The Santa Claus Democrats vs. St. Nicholas's Aristotelian Generosity
When my sister put a figure of St. Nicholas next to the Magi in our nativity scene, I questioned her decision. I cried, “Santa Claus wasn’t there!” In all the times I heard the story about the birth of baby Jesus, no one had mentioned a jolly old red-suited guest chuckling, “Ho, Ho, Ho!” next to the manger. (Besides, the inn may have had a chimney, but Jesus was born in the stable.) My sister wisely told me, “Saint Nicholas has earned his place there.”
She was right.
I don't doubt her vision of the nativity. Yes, Virginia, there was a Saint Nicholas, and he deserves to be remembered for his good deeds at this time of year. St. Nicholas was an actual person who lived in the southern coast of Turkey (which was Greece in the third century). He devoted his life to compassionate service for those less fortunate: the poor, the sick, and the suffering. St. Nick used his entire inheritance to help others in need. He lived out the virtue of generosity, which stems from a word for “noble birth.” From a nobleman to whom much was given, much was expected. And St. Nicholas exceeded expectations and became a saint that even those who don’t believe in saints believe in. Father Christmas became a bishop and was canonized a saint, and his relics are believed to have miraculous qualities.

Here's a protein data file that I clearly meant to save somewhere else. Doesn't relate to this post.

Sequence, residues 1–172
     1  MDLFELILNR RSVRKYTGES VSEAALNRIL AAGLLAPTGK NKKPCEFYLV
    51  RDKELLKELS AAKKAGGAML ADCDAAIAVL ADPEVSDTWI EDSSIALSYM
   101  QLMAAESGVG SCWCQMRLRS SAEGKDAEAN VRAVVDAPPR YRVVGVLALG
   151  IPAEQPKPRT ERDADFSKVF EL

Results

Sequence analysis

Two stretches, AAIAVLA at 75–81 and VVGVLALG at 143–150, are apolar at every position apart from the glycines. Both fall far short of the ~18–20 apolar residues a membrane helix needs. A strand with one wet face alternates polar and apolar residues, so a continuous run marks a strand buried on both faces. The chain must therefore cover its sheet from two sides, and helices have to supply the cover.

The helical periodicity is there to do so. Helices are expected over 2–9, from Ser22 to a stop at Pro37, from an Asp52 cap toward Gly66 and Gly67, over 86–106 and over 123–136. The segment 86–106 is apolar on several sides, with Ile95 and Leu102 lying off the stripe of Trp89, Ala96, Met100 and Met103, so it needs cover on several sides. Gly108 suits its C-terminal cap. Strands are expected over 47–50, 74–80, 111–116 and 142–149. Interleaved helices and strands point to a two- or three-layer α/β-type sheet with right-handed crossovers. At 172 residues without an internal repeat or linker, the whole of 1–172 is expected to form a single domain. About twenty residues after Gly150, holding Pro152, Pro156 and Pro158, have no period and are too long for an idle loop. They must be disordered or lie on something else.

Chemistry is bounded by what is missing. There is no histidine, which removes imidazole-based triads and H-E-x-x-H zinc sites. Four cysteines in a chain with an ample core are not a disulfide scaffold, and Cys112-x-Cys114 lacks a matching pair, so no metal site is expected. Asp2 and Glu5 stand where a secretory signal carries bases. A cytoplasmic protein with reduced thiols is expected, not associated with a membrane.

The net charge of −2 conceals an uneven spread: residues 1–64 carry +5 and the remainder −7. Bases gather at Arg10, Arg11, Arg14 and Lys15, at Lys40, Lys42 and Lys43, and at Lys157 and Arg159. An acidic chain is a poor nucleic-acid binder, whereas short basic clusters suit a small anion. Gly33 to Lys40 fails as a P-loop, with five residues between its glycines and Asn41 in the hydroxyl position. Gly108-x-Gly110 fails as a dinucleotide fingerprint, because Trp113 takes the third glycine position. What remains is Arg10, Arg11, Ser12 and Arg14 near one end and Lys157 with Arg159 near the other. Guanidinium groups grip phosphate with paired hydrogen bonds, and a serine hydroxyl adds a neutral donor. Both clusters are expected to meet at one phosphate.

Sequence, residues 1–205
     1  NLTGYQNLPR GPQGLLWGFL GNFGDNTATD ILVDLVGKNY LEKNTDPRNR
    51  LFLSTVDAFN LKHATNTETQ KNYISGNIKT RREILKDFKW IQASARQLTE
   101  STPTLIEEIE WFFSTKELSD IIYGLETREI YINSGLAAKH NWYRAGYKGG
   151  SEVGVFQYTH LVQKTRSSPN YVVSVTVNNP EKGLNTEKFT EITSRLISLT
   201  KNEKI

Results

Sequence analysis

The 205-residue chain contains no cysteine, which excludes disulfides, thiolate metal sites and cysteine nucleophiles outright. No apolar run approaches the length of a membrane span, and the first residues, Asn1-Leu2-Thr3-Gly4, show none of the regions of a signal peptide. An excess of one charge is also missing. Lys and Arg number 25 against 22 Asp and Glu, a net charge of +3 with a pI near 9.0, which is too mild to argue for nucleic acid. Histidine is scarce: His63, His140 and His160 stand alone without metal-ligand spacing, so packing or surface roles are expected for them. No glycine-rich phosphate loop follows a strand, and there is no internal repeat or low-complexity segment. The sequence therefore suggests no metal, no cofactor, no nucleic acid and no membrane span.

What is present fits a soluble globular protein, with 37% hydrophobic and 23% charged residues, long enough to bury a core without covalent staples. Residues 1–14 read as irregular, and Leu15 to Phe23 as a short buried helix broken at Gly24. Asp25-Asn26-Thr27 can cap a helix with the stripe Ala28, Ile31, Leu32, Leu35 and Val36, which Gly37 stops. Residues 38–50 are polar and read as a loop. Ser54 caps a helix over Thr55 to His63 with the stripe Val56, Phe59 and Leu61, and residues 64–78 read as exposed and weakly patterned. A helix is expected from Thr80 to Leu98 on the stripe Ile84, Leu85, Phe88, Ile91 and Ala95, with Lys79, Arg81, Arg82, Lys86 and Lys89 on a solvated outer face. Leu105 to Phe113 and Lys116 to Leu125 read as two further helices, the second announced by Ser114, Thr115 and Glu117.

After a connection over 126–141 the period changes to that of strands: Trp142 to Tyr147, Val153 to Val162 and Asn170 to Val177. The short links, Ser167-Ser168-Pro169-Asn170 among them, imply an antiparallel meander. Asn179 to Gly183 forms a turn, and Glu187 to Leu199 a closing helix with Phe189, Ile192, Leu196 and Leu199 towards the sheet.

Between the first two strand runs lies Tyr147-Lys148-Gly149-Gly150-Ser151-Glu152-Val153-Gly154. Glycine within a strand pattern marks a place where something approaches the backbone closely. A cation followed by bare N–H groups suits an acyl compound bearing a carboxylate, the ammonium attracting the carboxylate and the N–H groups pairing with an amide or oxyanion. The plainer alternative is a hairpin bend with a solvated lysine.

Although Santa Claus is very popular today, St. Nicholas wasn’t liked by everyone in his day. Roman Emperor Diocletian exiled and imprisoned him. Ironically, we praise the man today who was persecuted yesterday. St. Nicholas sounds a lot like the Son of Man who lived over two thousand years ago and is (hopefully) remembered on December 25.
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